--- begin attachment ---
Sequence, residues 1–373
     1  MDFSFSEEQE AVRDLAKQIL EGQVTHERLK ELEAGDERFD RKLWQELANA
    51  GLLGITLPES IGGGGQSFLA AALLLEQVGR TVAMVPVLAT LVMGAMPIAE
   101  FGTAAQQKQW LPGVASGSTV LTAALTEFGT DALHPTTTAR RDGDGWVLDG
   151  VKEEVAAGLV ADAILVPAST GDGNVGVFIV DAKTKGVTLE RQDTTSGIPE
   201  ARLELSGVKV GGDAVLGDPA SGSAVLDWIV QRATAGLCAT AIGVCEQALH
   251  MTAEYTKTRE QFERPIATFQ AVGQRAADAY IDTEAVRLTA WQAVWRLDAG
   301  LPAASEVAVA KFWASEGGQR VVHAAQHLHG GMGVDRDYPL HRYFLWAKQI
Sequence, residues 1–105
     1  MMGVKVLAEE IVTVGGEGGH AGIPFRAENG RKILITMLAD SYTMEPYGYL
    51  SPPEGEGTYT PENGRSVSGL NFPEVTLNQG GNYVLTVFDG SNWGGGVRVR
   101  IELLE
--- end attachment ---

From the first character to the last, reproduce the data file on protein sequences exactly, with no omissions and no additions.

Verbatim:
Sequence, residues 1–373
     1  MDFSFSEEQE AVRDLAKQIL EGQVTHERLK ELEAGDERFD RKLWQELANA
    51  GLLGITLPES IGGGGQSFLA AALLLEQVGR TVAMVPVLAT LVMGAMPIAE
   101  FGTAAQQKQW LPGVASGSTV LTAALTEFGT DALHPTTTAR RDGDGWVLDG
   151  VKEEVAAGLV ADAILVPAST GDGNVGVFIV DAKTKGVTLE RQDTTSGIPE
   201  ARLELSGVKV GGDAVLGDPA SGSAVLDWIV QRATAGLCAT AIGVCEQALH
   251  MTAEYTKTRE QFERPIATFQ AVGQRAADAY IDTEAVRLTA WQAVWRLDAG
   301  LPAASEVAVA KFWASEGGQR VVHAAQHLHG GMGVDRDYPL HRYFLWAKQI
Sequence, residues 1–105
     1  MMGVKVLAEE IVTVGGEGGH AGIPFRAENG RKILITMLAD SYTMEPYGYL
    51  SPPEGEGTYT PENGRSVSGL NFPEVTLNQG GNYVLTVFDG SNWGGGVRVR
   101  IELLE